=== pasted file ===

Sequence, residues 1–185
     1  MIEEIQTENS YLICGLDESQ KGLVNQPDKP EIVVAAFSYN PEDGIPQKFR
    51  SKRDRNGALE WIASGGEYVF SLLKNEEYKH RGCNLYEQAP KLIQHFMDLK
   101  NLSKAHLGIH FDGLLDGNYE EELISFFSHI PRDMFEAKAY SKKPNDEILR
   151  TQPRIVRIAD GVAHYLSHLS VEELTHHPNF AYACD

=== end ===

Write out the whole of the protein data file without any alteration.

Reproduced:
Sequence, residues 1–185
     1  MIEEIQTENS YLICGLDESQ KGLVNQPDKP EIVVAAFSYN PEDGIPQKFR
    51  SKRDRNGALE WIASGGEYVF SLLKNEEYKH RGCNLYEQAP KLIQHFMDLK
   101  NLSKAHLGIH FDGLLDGNYE EELISFFSHI PRDMFEAKAY SKKPNDEILR
   151  TQPRIVRIAD GVAHYLSHLS VEELTHHPNF AYACD